Henry A. Giroux
Henry A. Giroux currently holds the McMaster University Chair for Scholarship in the Public Interest in the English and Cultural Studies Department and the Paulo Freire Distinguished Scholar Professorship in Critical Pedagogy. In 2002, he was named as one of the top fifty educational thinkers of the modern period in Fifty Modern Thinkers on Education: From Piaget to the Present as part of Routledge’s Key Guides Publication Series. In 2007, he was named by the Toronto Star as one of the “12 Canadians Changing the Way We Think.” He is a frequent contributor to online sources such as Truthout, Tikkun, CounterPunch, Truthdig, and Salon, and his research has appeared in numerous academic journals. In all, he has published over 400 scholarly articles. His most recent books include Neoliberalism’s War on Higher Education (Haymarket, 2014), The Violence of Organized Forgetting (City Lights, 2014), Dangerous Thinking in the Age of the New Authoritarianism (Routledge, 2015), America’s Addiction to Terrorism (Monthly Review Press, 2016), America at War with Itself (City Lights, 2017), The Public in Peril (Routledge, 2018), and The Terror of the Unforeseen (Los Angeles Review of Books, 2019). Giroux is also a member of the Board of Directors at Truthout. His website is www.henryagiroux.com.
Books by Henry A. Giroux:
The New Henry Giroux Reader presents Henry Giroux’s evolving body of work. The book articulates a crucial shift in his analyses after the September 11th, 2001 terrorist attack, when his writing took on more expansive articulations of power, politics, and pedagogy that addressed education and culture in forms that could no longer be contained via isolated reviews of media, schooling, or pedagogical practice. Instead, Giroux locates these discourses as a constellation of neoliberal influences on cultural practices, with education as the engine of their reproduction and their cessation.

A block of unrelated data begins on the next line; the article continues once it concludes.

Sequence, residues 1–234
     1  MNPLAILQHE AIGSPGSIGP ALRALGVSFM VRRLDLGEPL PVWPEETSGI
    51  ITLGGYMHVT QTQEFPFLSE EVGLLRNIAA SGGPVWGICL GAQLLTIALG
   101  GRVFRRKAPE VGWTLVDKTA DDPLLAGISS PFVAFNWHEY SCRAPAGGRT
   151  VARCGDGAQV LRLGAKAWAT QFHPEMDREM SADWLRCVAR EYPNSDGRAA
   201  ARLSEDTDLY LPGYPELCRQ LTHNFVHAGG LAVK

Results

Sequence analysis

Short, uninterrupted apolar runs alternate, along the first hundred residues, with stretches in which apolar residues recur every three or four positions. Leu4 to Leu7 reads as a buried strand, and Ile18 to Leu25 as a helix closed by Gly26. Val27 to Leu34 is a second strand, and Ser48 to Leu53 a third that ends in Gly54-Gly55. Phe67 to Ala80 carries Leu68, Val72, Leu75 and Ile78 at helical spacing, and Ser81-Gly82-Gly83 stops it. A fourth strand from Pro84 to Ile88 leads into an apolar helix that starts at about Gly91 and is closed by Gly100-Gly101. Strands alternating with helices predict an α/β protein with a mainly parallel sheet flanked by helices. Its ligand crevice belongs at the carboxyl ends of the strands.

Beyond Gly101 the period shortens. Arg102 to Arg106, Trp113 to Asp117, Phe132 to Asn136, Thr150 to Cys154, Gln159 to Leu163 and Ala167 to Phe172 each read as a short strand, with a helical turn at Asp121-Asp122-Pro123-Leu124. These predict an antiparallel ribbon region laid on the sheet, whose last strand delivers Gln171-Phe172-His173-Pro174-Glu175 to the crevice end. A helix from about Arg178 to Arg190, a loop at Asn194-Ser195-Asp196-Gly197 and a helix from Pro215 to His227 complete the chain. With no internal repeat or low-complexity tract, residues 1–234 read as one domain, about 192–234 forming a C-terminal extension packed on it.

The New Henry Giroux Reader also takes up Giroux’s proclivity for using metaphors articulating death as the inevitable effect of neoliberalism and its invasion of cultural policy. Zombies, entropy, and violence permeate his work, coalescing around the central notion that market ideologies are anathema to human life. His early pieces signal an unnatural state of affairs seeping through the fabric of social life, and his work in cultural studies and public pedagogy signals the escalation of this unease across educative spaces. The next sections take up the fallout of 9/11 as an eruption of these horrific practices into all facets of human life, within traditional understandings of education and culture’s broader pedagogical imperatives. The book concludes with Giroux’s writings on education's vitalist capacity, demonstrating an unerring capacity for hope in the face of abject horror.
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